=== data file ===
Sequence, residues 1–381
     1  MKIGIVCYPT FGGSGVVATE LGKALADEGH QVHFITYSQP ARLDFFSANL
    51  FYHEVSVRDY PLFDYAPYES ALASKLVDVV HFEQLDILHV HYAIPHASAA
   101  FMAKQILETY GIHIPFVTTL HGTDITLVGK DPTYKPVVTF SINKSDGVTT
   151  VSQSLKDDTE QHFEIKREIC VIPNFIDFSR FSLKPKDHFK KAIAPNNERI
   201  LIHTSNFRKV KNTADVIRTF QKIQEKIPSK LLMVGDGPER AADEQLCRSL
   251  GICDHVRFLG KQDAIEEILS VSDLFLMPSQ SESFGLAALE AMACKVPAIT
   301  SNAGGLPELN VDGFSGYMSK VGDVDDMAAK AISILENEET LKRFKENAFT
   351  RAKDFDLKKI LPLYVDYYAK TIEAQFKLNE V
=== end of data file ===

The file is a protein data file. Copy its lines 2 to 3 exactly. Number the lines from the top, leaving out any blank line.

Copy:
     1  MKIGIVCYPT FGGSGVVATE LGKALADEGH QVHFITYSQP ARLDFFSANL
    51  FYHEVSVRDY PLFDYAPYES ALASKLVDVV HFEQLDILHV HYAIPHASAA